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Jane Fraser, CEO Citigroup: Citi’s new Chief Executive Jane Fraser is the first female CEO of a major Wall Street bank. She is a leader who ‘gets stuff done.’

The selection of Jane Fraser as the first female CEO of a major Wall Street bank is a significant achievement. A personal one for Fraser, but a far larger one for women on Wall Street striving to break into traditionally male-dominated stepping-stone roles to CEO positions.

According to a report on gender parity in finance published in 2020 by consulting firm Oliver Wyman, women held only 6% of CEO roles at big financial organisations globally in 2019, a 2 percent decrease from 2016.

Fraser was named CEO of Citigroup in September and began her duties on March 1, 2021, making her the first woman to lead one of Wall Street’s four major banks, just as Women’s International Day was gaining traction.

Fraser made a public vow on her first day in office that Citigroup Inc. would achieve net-zero GHG emissions by 2050. Fraser has earned a reputation as a leader who ‘gets stuff done,’ which is not unexpected.

Fraser is a McKinsey consultant turned financial executive who has spent 16 years at Citi, most recently as President of Citi and CEO of the Global Consumer Bank. She is known for having a’solid track record’ and for being a ‘fixer,’ having worked her way through key Citi business units, leaving each in a better state than she found it.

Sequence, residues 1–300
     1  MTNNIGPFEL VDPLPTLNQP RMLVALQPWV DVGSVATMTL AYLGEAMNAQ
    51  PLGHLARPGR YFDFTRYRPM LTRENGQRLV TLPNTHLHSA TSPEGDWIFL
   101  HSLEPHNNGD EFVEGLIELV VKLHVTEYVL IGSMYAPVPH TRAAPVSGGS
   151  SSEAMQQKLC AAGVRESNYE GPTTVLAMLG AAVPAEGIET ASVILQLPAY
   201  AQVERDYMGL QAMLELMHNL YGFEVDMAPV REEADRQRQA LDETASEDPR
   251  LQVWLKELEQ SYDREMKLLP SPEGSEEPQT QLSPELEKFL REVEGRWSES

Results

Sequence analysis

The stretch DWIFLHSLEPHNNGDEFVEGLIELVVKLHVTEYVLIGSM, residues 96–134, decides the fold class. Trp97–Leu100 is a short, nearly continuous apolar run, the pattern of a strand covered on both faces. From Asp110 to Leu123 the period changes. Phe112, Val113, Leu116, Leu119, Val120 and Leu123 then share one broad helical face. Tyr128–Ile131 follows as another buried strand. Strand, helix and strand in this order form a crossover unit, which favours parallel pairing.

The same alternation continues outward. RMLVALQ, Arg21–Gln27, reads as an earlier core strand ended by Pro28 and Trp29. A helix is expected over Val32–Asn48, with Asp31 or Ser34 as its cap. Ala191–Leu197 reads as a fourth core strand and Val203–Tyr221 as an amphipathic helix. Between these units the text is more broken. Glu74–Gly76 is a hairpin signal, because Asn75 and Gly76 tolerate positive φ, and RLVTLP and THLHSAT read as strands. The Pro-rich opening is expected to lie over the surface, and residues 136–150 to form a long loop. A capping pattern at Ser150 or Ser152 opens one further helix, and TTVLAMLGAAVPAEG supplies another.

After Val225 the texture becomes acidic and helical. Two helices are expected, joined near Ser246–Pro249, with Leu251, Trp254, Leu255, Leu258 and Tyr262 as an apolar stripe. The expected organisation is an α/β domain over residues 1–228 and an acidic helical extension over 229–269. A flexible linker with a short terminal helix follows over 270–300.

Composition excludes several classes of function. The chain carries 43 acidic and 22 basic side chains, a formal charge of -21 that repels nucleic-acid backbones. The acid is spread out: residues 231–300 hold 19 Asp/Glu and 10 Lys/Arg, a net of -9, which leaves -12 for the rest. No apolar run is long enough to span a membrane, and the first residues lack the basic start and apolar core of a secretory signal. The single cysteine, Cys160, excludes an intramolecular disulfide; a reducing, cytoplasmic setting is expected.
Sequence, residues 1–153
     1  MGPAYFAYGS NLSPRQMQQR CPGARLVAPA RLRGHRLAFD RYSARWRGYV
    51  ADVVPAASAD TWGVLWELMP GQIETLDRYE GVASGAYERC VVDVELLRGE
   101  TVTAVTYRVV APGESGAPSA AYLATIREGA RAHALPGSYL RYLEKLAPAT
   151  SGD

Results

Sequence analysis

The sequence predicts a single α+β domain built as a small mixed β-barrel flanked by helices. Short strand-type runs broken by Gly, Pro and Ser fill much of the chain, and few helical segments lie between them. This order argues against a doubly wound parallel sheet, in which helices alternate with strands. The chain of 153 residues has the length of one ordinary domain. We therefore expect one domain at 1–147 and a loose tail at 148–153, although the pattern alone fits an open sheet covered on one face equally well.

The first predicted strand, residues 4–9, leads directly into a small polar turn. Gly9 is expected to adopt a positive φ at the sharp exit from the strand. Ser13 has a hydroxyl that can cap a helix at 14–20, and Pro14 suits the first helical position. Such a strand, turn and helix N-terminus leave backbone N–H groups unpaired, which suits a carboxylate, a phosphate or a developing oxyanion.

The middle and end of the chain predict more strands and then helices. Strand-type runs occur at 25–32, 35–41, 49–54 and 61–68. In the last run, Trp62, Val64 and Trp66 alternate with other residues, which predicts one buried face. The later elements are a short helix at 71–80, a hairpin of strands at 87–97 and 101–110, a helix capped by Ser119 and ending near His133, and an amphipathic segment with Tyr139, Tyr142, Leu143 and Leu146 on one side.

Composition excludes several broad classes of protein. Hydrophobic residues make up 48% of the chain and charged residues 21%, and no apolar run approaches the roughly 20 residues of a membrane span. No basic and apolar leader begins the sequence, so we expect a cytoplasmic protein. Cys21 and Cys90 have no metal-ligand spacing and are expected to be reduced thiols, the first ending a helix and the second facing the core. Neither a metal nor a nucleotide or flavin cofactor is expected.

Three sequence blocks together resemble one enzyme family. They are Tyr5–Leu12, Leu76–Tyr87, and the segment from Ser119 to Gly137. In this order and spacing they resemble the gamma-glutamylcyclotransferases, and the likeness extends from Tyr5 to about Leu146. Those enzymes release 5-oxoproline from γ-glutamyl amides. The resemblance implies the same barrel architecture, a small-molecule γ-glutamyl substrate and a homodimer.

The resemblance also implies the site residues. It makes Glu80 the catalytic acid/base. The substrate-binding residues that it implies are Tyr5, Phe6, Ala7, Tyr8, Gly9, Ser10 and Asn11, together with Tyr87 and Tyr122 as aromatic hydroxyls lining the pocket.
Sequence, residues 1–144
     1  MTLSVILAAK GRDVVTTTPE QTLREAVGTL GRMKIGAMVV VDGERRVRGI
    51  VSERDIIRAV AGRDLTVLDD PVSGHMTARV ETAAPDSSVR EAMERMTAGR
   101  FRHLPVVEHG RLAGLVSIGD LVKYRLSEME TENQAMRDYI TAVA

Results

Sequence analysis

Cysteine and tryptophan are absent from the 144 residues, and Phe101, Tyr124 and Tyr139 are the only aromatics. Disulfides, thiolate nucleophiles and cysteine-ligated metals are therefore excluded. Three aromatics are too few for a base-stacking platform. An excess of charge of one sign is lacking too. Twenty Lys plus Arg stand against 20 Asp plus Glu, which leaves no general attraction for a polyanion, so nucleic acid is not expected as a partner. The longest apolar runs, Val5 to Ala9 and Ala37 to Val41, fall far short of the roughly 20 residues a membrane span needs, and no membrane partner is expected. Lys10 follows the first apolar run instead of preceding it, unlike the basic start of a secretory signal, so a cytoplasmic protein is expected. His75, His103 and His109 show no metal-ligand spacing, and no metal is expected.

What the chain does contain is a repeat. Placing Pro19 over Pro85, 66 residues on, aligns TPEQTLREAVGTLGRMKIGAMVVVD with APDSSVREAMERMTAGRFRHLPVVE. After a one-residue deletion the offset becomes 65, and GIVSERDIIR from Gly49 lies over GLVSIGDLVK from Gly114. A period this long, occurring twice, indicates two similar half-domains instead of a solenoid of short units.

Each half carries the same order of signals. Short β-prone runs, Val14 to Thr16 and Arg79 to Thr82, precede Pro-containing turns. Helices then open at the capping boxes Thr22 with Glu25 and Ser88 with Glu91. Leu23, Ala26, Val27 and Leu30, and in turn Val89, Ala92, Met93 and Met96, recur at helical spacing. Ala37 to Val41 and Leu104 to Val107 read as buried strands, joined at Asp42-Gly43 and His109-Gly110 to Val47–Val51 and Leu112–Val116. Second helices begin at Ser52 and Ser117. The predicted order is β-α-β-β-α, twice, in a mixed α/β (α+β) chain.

Take, for example, Latin America. When Fraser took over as CEO of Citi’s Latin America division in 2015, the division had a bad reputation. Fraser turned the company around, not only increasing net income and profit, but also improving the work environment.

It’s no surprise that she’s been named American Banker’s ‘Number 1 Woman to Watch’ for the past two years, and that her name has been circulating top banking circles for the past year, with rumours circling that she’d been designated for senior positions at Wells Fargo and HSBC.

While her credentials (University of Cambridge, Goldman Sachs, Partner at McKinsey, MBA Harvard) and Wall Street reputation speak for themselves, it’s her ‘ferocious work ethic’ and unwillingness to sacrifice her personal life to get to the top that has struck a chord with many in the financial world. Women, in particular.

Let’s hope that her leadership of the world’s “most global bank” is not only a triumph for Fraser and Citi, but also a catalyst for gender equity in the banking industry.

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